The rapid increase and decrease in the population numbers during the years 1971-1987 remained largely unaccounted for as there is no supporting evidence for an increased population growth from 1976-1980 as seen in Figure 1.

The effect of a predator–prey interaction in this scenario seems plausible from the view that the rapid population growth from 1974 – 1980. This could be possible if the predator population had greatly declined for a period. As the bird population increased, the predator population followed by an undetermined lagged value. As the predator continuously preyed on the bird population and its numbers began to decrease rapidly, there was also a decrease in the predator population until it both populations reached an equilibrium level.

This rational is supported in particular by the data from 1983, 1984 and 1985 when the population count decreased from 48 birds in 1983 to a single bird in 1984 and increased back 50 birds in 1985. It is possible that the predator entered the cave causing the birds to take flight temporarily prior to the 1984 count leaving one single bird and returning prior to the 1985 count. The doubling of the population from 1984 to 1989 would appear that there was an annual growth rate of 18%. Even though there is no egg and chick data for that period, the available egg and chick count which is available suggests that such rate of growth is highly unlikely. Therefore one has to conclude that as the predator problem declined, birds gradually returned to the cave over time.

During the first half of the year the counting exercises revealed increases in the adult birds, eggs and chicks.  However, the increase in adult birds was not as prominent as the increase in eggs and chicks.

Most eggs were counted in February, January, April and May respectively with an average of 4 eggs per month. The months in which the least eggs were counted were August, September, October and November respectively with an average of less than one egg. No eggs were found during August, September and October while there was an average of 1 egg for counts done in November (as seen in Figure 3).

Most chicks were found during the months of February, March, April, May and June respectively with an average of 9 chicks. September, October, November and December were the months where the least chicks were found averaging 2 chicks per count.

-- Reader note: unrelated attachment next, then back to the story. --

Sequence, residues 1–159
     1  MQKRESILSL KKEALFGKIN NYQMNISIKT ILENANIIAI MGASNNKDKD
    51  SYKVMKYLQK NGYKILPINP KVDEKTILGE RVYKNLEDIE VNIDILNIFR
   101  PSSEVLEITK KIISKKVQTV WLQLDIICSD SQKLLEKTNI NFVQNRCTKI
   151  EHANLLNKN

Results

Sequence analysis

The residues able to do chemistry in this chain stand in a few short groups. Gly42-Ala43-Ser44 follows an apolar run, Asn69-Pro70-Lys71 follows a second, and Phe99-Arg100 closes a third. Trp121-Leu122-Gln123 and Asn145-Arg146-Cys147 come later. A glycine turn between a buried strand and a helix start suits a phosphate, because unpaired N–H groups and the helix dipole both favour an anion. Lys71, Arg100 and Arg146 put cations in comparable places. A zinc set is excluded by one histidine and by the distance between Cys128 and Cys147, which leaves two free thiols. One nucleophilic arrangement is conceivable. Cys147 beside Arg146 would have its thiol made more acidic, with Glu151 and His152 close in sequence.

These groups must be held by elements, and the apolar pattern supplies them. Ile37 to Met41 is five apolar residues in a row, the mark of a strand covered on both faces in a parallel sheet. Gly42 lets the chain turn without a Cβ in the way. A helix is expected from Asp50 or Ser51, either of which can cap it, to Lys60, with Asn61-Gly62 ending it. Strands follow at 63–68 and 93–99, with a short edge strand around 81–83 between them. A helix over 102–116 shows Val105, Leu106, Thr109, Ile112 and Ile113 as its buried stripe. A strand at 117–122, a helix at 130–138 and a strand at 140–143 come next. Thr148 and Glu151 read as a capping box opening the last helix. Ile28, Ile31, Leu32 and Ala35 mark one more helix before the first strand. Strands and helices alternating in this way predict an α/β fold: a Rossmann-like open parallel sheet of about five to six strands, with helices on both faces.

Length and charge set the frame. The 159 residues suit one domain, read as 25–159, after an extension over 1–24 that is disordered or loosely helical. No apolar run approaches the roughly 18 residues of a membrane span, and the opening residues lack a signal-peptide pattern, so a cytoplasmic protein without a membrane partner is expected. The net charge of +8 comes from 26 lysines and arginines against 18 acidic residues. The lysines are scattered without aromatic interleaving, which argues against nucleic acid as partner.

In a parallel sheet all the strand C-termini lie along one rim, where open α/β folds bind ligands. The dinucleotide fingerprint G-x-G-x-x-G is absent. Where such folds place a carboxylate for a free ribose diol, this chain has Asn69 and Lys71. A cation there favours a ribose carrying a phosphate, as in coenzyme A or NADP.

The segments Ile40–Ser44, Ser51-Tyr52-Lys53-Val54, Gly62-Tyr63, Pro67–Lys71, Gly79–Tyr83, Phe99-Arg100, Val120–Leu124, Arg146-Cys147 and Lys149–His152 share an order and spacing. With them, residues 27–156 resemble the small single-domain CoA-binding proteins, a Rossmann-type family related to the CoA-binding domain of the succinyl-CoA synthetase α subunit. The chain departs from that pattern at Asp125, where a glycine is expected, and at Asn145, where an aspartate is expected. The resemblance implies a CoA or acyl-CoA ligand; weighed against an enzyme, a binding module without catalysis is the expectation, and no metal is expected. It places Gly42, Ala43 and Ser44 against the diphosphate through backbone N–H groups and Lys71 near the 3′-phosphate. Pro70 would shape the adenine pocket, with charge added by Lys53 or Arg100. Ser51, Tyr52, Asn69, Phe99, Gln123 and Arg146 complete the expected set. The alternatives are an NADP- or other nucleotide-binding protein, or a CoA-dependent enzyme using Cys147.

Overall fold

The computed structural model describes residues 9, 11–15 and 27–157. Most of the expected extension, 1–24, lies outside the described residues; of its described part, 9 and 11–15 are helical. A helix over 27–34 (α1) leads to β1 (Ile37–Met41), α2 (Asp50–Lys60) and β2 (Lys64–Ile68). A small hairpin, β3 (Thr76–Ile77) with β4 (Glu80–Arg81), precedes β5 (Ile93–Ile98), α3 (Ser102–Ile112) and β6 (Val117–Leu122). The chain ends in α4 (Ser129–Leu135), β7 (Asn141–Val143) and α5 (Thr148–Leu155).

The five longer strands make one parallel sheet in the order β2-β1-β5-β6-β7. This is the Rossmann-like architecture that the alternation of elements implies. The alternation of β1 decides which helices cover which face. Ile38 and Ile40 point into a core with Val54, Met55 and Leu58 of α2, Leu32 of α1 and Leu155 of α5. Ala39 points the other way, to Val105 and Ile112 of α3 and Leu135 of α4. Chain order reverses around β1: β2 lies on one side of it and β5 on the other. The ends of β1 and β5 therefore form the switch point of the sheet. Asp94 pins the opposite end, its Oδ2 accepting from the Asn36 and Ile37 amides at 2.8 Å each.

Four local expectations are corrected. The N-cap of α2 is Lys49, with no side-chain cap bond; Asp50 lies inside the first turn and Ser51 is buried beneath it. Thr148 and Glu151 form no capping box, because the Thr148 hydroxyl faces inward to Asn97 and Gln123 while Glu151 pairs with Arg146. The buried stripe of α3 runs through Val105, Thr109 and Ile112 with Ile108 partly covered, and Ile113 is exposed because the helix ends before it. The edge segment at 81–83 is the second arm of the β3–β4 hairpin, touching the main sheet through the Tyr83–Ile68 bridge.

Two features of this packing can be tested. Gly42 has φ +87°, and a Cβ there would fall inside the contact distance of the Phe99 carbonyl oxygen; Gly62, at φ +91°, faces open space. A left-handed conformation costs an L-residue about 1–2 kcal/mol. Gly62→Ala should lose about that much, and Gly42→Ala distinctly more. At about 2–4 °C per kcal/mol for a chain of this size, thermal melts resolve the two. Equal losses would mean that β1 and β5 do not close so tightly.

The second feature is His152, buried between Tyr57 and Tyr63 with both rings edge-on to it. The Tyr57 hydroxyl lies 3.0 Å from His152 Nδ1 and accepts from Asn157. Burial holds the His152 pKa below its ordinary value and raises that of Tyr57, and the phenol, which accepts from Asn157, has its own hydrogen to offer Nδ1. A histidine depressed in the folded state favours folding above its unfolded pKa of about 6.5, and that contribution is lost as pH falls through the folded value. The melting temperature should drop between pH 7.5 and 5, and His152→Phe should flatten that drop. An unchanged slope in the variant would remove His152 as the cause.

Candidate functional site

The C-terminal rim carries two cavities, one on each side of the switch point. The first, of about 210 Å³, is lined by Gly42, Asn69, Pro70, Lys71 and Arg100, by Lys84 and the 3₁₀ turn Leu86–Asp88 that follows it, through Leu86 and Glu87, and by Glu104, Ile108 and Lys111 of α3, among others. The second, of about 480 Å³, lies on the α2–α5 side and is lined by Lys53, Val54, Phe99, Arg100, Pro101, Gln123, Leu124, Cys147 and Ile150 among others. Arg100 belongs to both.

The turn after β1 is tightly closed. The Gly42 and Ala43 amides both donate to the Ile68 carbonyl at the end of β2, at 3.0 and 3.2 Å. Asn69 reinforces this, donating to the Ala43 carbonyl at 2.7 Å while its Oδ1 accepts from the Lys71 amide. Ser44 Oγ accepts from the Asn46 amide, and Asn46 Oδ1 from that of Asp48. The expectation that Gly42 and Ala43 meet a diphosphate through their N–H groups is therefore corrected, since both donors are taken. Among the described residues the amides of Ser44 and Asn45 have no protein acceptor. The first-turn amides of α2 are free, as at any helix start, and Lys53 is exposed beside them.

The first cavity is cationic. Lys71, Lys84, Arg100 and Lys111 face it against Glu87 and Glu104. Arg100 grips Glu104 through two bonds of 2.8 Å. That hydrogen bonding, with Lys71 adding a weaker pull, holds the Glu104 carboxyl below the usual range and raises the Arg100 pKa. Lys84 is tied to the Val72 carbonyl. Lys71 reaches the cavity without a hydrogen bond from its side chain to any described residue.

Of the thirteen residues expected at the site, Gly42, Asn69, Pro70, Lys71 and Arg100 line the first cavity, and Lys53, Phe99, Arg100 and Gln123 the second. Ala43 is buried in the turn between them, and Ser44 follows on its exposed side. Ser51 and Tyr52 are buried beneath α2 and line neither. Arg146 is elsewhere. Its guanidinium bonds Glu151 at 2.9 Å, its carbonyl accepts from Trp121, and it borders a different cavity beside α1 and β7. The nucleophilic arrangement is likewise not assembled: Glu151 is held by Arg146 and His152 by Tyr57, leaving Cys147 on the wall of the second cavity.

February was found to be the month for which egg production peaked, remaining consistent with peak chick production in April as an egg takes 33 days to hatch (figure 4).

Even as it appeared that the egg chick relationship was more evident than that of adult – chick relationship and the adult – egg relationship, there was no clear significant link among these three production parameters.

Regression analysis where each production parameter was used as a dependent variable and regressed against the other two parameters used as a independent variables supports this (Model 1 ,2 &3).

The negative correlation between egg and chick resulted from the fact that egg numbers counted were most likely underestimated. As the counting process took place, many eggs were missed as they were laid in locations which made it difficult to be observed during the exercise.

No calendar year during the study period seem to have favoured the bird population in terms of the three (3) parameters. The year 2002 however was not a good one because all of the production parameters were among the four (4) least values of that category (see table 1).

Conclusion

The average growth rate from 1969 to 2013 was 3.5% per annum. The cave appears to have a carrying capacity approximating 200 adult birds.

Generally the birds breed more during the first 6 months of the year with the most important months being January and February. The months of August, October and November are the months of least activity.

There was no correlation between the numbers amount of adult birds with the amount of eggs or the amount of chicks suggesting that eggs and chicks were not properly accounted for.

No available information intrinsic or external was identified to be linked to the increased or decreased in numbers of adult birds, eggs or chicks for any particular year.

 

Recommendations

During the first half of the year the birds should be counted more frequently. A fourth-nightly count will provide better data.

An attempt should be made to recognize other physiological states of the bird’s life cycle between chick and adult bird (juvenile or immature birds). This will give an indication as to the quantity of eggs that were missed during the counting process.

Remarks regarding environmental factors which could have a direct and indirect impact on adult population, egg production and chick production should be recorded.

Further studies should be conducted to determine average foraging periods and its likely predators.